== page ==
Kingston, ON, CA

Recent comments

Re: SawStop inventor Steve Gass defends the latest tablesaw verdicts

Flesh sensing technology should be mandatory, however, insurance companies and disability could simply stop giving payouts to people who are injured on unprotected saws. That way, the "Too Smart to Get Hurt" crowd can continue purchasing and using cheap saws, and society doesn't have to support them after they injure themselves.

SawStop's technology is radical, revolutionary, and should be required on all tablesaws. The next generation will scoff at those "Too Cool for School" who resisted adding "seatbelts" to tablesaws.

It would be great if the blade wasn't destroyed by the break cartridge, but no one complains about the cost of replacing an airbag after a car accident.

Re: Making the King's Furniture

Patriotone, I do believe you are proving Lee's point. If poaching increased after a large sale of legal ivory, that demonstrates that using legal ivory increases demand for illegal ivory.

By using ivory in modern pieces and expounding on the benefits of using ivory you are increasing desire for the product.

"Ivory turns exceptionally well, and takes a polishes like nothing else. It's extremely uniform and has a very fine texture and quite beautiful grain."

I have to say, this quote (and the beautifully turned feet), made me want to work with ivory, since it sounds and looks so amazing. And then I recalled the giant herds of elephants slaughtered and left to rot with just their tusks torn out. That, my friends, is what we are encouraging by using "legal" artifacts from a less conscientious time.

The work done is simply amazing, there is no questioning that. I am stunned by the intricacies of Mr. Radelow's marquestry and attention to detail. However, the use of ivory in our work should be carefully considered.

Re: Man Wins Big Money in Tablesaw Lawsuit

The passion of posters to speak out against what they dislike, coupled with the ease with which one can give an opinion on the internet, makes posting off-the-cuff responses tremendously satisfying, however the ignorance displayed in many of these comments is inexcusable.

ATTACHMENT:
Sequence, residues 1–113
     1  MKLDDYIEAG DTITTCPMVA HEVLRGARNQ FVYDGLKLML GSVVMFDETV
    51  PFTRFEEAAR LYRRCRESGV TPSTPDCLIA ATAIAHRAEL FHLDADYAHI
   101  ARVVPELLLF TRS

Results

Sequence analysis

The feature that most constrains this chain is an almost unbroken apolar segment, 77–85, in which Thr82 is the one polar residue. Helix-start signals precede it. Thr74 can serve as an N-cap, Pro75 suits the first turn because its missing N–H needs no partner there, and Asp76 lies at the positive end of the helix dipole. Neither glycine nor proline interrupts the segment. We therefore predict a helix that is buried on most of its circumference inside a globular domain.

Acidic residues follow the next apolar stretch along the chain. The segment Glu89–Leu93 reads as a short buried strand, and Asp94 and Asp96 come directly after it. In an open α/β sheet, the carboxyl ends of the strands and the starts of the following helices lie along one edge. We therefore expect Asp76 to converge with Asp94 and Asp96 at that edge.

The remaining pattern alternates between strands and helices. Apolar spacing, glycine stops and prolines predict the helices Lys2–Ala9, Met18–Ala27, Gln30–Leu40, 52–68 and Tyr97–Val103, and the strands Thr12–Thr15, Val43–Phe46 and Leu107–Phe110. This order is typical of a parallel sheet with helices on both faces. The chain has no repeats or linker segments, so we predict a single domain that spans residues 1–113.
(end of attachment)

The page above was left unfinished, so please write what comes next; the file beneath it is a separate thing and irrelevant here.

A quick glance at the linked OregonLive article reveals the true nature of the accident, as well as the lawsuit. Mr. Osorio was working at the time of the incident, and filed a worker's compensation claim, as any of you might. His insurance company, wanting to recoup their losses, had one of their lawyers sue Ryobi, on behalf of Mr. Osorio (would it have made more sense to sue the employer that bought the saw in the first place? Sure, but the whole point of worker's comp is to exclude that possibility). The insurance company originally sought $250 000 (less than the total amount of the man's medical bills), however the jury chose to award Mr. Osorio $1.5 million instead.

The key issue, and what many posters are up in arms over, is the erroneous idea that Mr. Osorio chose the cheaper Ryobi over the more expensive SawStop. I would hazard to guess that most employees don't have the luxury of demanding that their bosses purchase top of the line safety equipment... unless it's mandated by law.

Health and safety legislation seeks to protect the people who don't get to choose which machines they work on.
Certainly, I'd rather work for someone who, having the freedom to choose, chose safety first, however, my second choice would be working for someone who didn't have the freedom to be myopically greedy.

I can understand a home hobbyist, or one man shop wanting the freedom to gamble between spending a few grand extra up front on an awesome saw, or the possibility of spending over 100 times that in medical bills and lost wages in the future. Personally, I'm not a gambler, but, hey, it's your body you're betting.

But what if you're not the only person using the saw? If you were holding the pursestrings for your company, and had the safety of your employees to consider, would you change your bet? If you're a hobbyist, what if your spouse or children also used the saw? If your sons or daughters were training/looking for work, would you want their school/employer to take that bet on their bodies?

If this case doesn't bring about laws for 'flesh detection technology', my hope is that it will at least increase insurance premiums for companies who choose to gamble a thousand dollars against flesh & blood, forcing them to consider the safety of their employees first and foremost.

Re: Test Your Woodworking IQ

I really enjoyed this quiz! It cut a nice, broad swathe across the whole cabinetmaking field.

It's been a few years since I last looked up botanical names, but I'm happy to report 21/25 ;)

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